publication date: Nov 25, 2011
author/source: Sumac Research
Cloud computing lets you use software, including
applications, files and apps, over the Internet. It is often referred to as
SaaS, or software as a service. The idea is simple. Instead of managing your
software on your own server and performing your own backups and upgrades, you
arrange for someone else to do all that online or "in the cloud," and you
access it anywhere there is an Internet connection.
You might already be using SaaS and not even know it. Gmail
works this way. You use the email program online. You don't need servers and
storage, or a technical team to keep it up and running. You just login and
access your data. Indeed, the Google search engine itself is a good example of
Why nonprofits are
using cloud computing
SaaS is becoming a popular choice for small and medium-sized
nonprofits to manage their data for the following reasons:
With SaaS you can access your database anywhere there is an Internet
connection. Since nonprofits' employees don't always work from a central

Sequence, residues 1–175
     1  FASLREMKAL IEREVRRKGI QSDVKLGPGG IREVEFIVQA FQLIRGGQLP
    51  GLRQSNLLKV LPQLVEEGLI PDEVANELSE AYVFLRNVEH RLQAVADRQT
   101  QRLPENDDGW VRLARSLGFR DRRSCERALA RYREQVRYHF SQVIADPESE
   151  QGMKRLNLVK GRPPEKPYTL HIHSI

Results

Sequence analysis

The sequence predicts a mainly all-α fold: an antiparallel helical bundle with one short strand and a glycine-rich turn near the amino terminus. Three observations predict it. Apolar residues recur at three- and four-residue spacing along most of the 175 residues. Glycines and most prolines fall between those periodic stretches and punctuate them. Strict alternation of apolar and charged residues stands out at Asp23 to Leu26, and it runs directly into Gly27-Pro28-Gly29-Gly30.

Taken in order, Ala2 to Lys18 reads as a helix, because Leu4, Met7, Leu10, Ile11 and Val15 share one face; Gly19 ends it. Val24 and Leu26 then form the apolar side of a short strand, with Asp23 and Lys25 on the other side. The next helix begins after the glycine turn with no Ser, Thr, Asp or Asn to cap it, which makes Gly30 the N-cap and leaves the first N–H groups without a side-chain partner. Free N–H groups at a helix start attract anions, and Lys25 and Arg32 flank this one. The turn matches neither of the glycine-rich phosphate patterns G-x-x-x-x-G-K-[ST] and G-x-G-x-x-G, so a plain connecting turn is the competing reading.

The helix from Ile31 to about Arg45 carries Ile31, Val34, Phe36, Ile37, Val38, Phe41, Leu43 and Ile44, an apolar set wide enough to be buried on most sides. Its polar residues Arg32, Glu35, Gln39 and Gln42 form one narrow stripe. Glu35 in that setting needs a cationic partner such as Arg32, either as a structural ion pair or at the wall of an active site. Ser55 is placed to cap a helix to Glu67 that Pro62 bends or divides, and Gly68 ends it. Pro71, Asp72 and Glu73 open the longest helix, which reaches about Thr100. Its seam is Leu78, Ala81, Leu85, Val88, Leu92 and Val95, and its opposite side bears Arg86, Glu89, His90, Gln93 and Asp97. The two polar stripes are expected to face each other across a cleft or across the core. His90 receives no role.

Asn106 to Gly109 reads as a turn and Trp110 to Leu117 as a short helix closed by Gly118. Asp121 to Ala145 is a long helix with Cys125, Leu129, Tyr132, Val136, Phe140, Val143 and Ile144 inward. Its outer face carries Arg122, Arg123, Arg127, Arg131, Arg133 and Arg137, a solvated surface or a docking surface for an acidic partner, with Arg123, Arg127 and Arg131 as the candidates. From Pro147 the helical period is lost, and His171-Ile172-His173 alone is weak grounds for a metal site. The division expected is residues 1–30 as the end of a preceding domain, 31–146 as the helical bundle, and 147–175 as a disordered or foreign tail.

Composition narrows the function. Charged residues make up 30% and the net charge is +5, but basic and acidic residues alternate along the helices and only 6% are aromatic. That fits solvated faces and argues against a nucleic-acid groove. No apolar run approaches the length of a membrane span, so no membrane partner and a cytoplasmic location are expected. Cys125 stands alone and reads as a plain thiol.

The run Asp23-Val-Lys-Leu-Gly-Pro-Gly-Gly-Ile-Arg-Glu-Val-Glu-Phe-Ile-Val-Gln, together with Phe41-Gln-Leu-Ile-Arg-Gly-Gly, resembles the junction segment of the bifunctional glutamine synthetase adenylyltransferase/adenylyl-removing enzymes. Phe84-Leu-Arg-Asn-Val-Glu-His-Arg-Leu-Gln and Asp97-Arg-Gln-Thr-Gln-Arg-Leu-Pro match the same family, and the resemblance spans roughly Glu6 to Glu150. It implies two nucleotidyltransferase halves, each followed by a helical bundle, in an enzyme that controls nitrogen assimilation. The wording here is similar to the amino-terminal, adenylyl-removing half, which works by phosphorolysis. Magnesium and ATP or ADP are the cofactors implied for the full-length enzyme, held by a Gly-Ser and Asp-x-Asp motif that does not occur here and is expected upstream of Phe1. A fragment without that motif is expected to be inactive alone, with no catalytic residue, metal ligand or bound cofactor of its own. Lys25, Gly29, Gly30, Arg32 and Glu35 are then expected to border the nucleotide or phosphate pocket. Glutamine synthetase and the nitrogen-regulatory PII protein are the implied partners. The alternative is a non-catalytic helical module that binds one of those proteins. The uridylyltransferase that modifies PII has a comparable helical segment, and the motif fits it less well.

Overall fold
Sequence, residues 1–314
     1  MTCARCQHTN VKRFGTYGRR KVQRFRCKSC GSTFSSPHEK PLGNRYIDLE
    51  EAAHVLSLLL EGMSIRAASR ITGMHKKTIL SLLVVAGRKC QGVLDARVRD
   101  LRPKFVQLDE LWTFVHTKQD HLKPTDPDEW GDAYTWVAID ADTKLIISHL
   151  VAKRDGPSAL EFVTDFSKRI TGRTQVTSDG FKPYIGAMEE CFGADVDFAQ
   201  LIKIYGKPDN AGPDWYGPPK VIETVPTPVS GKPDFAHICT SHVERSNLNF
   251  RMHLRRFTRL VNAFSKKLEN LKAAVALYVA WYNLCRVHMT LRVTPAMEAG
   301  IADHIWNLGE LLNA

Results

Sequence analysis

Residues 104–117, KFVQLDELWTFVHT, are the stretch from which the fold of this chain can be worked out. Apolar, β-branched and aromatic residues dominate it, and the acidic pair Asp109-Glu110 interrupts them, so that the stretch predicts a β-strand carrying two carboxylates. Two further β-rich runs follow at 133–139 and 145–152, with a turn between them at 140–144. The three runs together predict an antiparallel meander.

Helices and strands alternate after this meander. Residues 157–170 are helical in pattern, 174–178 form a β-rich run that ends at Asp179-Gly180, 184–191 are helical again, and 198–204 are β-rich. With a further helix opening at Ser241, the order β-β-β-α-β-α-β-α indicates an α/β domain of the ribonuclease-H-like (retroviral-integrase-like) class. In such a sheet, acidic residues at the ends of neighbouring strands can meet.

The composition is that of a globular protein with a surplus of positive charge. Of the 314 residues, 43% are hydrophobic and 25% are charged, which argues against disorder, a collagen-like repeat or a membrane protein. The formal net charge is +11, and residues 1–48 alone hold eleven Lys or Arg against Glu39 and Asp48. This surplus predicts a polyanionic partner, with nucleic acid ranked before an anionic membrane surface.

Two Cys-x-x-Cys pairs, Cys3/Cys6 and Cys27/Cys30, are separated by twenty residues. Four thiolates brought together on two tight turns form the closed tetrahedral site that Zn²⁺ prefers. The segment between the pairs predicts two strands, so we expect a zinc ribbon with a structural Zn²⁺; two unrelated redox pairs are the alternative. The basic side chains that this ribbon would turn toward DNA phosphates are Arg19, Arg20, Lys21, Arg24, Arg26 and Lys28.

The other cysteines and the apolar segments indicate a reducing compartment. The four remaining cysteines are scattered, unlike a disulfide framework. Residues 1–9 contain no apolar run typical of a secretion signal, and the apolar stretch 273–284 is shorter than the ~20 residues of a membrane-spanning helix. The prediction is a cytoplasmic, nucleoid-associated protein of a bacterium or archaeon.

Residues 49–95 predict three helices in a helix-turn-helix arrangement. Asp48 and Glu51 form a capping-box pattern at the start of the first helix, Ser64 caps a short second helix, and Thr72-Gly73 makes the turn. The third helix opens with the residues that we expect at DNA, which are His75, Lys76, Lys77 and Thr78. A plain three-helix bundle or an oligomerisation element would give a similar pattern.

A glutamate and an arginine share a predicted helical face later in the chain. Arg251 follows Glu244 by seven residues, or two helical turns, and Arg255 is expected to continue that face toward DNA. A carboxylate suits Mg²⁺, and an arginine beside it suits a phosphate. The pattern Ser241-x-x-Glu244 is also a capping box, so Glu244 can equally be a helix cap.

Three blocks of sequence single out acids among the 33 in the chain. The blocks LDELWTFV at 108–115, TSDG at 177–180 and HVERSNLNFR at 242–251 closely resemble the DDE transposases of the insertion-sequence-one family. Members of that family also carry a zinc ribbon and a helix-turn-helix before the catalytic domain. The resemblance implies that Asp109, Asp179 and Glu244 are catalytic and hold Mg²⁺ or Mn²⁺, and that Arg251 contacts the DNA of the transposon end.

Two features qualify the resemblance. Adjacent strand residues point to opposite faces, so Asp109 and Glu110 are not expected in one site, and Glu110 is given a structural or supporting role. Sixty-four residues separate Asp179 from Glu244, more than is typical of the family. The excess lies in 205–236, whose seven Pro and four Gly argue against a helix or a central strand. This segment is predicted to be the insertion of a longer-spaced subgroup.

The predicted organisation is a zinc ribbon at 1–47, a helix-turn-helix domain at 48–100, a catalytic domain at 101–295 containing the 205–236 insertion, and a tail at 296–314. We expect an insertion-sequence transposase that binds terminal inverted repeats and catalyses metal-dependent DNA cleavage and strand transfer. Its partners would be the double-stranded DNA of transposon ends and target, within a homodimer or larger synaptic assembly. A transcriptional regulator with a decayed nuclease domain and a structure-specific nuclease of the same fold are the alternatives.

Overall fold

location, this is a big selling feature. No more setting up VPNs to allow
remote access to your servers. Employees can work from anywhere and get access
to the database.
With SaaS, you don't need to maintain a server or worry about backing up your
data. It's better for the environment, since it requires less computer hardware
and computing. With SaaS, TechSoup
explains, "computing power is shared and concentrated more in high-efficiency
data centres and less in the millions of office computer networks."
Little or no
IT staff With SaaS there is less need for in-house IT staff. There is no
server. Installations, upgrades, backups and standard maintenance are done for
you, so there is virtually no network maintenance to be done. According to TechSoup,
simplified network maintenance means fewer workers and less office space, which
in turn means "more salary lines saved for use on your programs or delivering
services to your community."
Of course, cloud computing comes with its concerns. If the
Internet is down, you won't be able to access your data, so make sure you have
a reliable connection. Some SaaS providers claim that they own your data once
it's on their servers. Make sure you can get your data out when you need to.
Finally, make sure the company holding your data is reputable and is in
compliance with standards for data security.
Sumac is a complete, integrated software solution for nonprofits that
tracks lapsed donors and distributes personalized electronic and paper
communication easily and cost-effectively. Sumac is giving back to nonprofits
by offering its software free to organizations with fewer than 500 contacts.
For more information, visit www.sumac.com